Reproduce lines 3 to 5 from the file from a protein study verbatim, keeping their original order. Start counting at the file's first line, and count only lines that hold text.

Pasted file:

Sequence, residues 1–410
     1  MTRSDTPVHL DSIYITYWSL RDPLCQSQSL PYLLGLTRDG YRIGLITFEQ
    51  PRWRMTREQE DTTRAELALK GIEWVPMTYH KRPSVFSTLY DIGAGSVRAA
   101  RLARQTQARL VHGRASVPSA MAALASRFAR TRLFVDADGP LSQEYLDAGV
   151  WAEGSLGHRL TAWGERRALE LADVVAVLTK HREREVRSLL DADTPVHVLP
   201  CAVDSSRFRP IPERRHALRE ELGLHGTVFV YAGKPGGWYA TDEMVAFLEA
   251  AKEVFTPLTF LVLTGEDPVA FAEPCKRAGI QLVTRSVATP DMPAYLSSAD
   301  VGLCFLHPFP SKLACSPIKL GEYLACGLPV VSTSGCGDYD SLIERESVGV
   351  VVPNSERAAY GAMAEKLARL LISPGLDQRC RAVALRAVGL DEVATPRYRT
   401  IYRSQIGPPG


    51  PRWRMTREQE DTTRAELALK GIEWVPMTYH KRPSVFSTLY DIGAGSVRAA
   101  RLARQTQARL VHGRASVPSA MAALASRFAR TRLFVDADGP LSQEYLDAGV
   151  WAEGSLGHRL TAWGERRALE LADVVAVLTK HREREVRSLL DADTPVHVLP